Walking tall before the eyes of the world

GILLIAN O’SULLIVAN will go into tomorrow’s 20k walk as Ireland’s leading hope of winning a medal at the World Championships in Paris.

Olive Loughnane is quite happy to let her claim the limelight. The athletes have trained together for most of their careers they were involved in the group that established itself in Cork, where Gillian worked as a teacher after graduating from UCC, and Olive still works in the CSO. Robert Heffernan from Togher is another world-class race walker.

But yesterday Loughnane insisted she was quite content to go into the race in the shadow of her training partner, confident that she will not be too far away and she never is.

O'Sullivan goes into those championships as a very definite medal prospect. She holds indoor and outdoor world records and, domestically, holds every women's walking record in the books.

Since 1999, when she finished 32nd in the world championships in Seville, she has knocked more than nine minutes off her time. After launching her campaign with a big win in Tijuana, she goes into tomorrow's race as the leader of the Grand Prix series, which has a prize fund of $20,000, and it will take a world record from someone else to take that away from her.

Her success is the result of her professionalism, and her preparations for these championships could not have been more precise. Even the lead-up to the championships has been carefully planned.

She based herself in Annecy, where conditions were ideal for training, and 30 degrees of heat prepared her for what she can expect here tomorrow.

No matter what happens this will go down as a very successful season ­ two victories and one second out of five races but she is a winner who wants to win.

"It would be fantastic to win and hopefully everything will go well," she said. "But even outside of that I've had a real good year, so at least I can be proud of that. But the win would be the icing on the cake."

She finished 10th at the Olympics in Sydney and fourth at the European Championships in Munich last year, when she was robbed of the bronze medal inside the last half-mile.

There were those who held that Elrica Alfrida of Italy could not have legally overtaken her with so much ground to make up.

"I'm still pleased with my own performance that day because it was a big jump forward at the time," she said. "It gave me the motivation to move on and now I only hope I can go one better here."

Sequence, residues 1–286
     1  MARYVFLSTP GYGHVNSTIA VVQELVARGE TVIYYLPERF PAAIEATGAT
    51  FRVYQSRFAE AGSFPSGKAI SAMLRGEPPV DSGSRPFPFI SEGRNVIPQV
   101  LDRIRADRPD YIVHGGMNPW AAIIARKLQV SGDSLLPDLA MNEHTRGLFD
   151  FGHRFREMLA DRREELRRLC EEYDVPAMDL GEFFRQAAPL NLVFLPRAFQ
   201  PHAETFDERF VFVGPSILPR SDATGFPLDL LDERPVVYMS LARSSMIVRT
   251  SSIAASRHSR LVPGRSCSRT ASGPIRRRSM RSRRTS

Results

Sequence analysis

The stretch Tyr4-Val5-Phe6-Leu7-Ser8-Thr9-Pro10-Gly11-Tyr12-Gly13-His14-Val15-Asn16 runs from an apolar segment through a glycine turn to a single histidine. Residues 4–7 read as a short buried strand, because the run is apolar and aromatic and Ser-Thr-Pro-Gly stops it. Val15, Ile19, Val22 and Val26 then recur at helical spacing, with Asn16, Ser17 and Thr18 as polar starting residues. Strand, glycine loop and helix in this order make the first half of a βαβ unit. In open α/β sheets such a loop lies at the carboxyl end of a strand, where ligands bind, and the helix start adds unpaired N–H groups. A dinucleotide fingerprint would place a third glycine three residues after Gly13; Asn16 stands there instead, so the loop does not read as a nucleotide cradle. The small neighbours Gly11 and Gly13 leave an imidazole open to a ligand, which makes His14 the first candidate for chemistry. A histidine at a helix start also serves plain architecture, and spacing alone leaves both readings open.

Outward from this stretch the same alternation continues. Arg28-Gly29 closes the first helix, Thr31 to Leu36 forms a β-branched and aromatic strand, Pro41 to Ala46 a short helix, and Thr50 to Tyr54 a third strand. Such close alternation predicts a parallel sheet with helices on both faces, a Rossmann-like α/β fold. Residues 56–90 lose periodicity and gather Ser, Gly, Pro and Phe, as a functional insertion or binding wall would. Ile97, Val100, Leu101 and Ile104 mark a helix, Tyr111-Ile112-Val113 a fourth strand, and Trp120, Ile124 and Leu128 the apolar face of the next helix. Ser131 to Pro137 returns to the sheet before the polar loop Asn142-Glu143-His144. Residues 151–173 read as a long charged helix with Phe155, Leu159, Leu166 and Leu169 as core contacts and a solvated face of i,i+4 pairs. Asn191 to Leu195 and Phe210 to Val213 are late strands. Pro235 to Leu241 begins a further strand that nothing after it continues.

She realises the pressure is on her, going into the race as one of the favourites, but she uses it in a positive fashion.

"Every now and again you think about it and different things go through your head like the worst scenario that I will be disqualified, and the best that I will win a medal. But even if I have an off-day or things do not go to plan, I feel I can finish in the top five or six anyway."

Olive Loughnane realises that there will be pressure on her training partner going into the race but insisted yesterday that she can cope with it.

"She is really in superb shape," she said. "She is a very experienced athlete these days. But it is a really tough race. The two Russians are going very well and so is the Italian."

Olive was the best-placed Irish athlete at the last World Championships in Edmonton, finishing 13th. She was 13th again in the European Championships last year, and now she wants to break through that barrier.

She knocked more than two minutes off her previous best performance with a 1:30:27 in Russia this year, and she knocked all of 42 seconds off her best when winning the 5,000m walk at the national championships a couple of weeks ago.

Almost all of her family are here in support, including her husband Martin Corkery from Ballavourney, who played junior football for Cork, and her younger sister Ann, who won a silver medal at this year's world youth championships in Canada.

Karen Shinkins also has an early morning start, for the heats of the women's 400m. After early season frustrations due to injury, she hit form at precisely the right time.

"I was a bit worried a couple of weeks ago. I was not sure how the season was going to go. In fact I was kind of half thinking of calling it a season," she admitted, after retaining her national title in style. "I knew physically I was in good shape, but I had foot problems. I had a good coach and a good family around me and we decided to take a break from competition, get some treatment.

"I am back competing again, everything is clicking in and the times are coming down, so my form came back pretty quickly. I am excited about racing again, and feeling good."

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